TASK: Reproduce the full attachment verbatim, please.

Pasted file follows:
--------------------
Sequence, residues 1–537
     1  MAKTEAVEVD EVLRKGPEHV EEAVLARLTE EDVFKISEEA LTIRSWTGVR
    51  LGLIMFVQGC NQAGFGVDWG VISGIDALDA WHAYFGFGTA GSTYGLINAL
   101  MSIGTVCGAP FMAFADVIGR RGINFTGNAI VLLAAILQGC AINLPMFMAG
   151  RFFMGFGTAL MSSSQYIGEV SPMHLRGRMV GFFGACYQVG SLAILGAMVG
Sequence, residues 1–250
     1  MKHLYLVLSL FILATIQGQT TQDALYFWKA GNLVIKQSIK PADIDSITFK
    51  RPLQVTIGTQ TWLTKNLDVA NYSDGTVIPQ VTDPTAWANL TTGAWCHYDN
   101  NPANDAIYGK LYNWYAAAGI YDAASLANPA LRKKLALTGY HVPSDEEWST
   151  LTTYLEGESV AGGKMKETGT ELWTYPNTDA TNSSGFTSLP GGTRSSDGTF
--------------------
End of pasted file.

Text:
Sequence, residues 1–537
     1  MAKTEAVEVD EVLRKGPEHV EEAVLARLTE EDVFKISEEA LTIRSWTGVR
    51  LGLIMFVQGC NQAGFGVDWG VISGIDALDA WHAYFGFGTA GSTYGLINAL
   101  MSIGTVCGAP FMAFADVIGR RGINFTGNAI VLLAAILQGC AINLPMFMAG
   151  RFFMGFGTAL MSSSQYIGEV SPMHLRGRMV GFFGACYQVG SLAILGAMVG
Sequence, residues 1–250
     1  MKHLYLVLSL FILATIQGQT TQDALYFWKA GNLVIKQSIK PADIDSITFK
    51  RPLQVTIGTQ TWLTKNLDVA NYSDGTVIPQ VTDPTAWANL TTGAWCHYDN
   101  NPANDAIYGK LYNWYAAAGI YDAASLANPA LRKKLALTGY HVPSDEEWST
   151  LTTYLEGESV AGGKMKETGT ELWTYPNTDA TNSSGFTSLP GGTRSSDGTF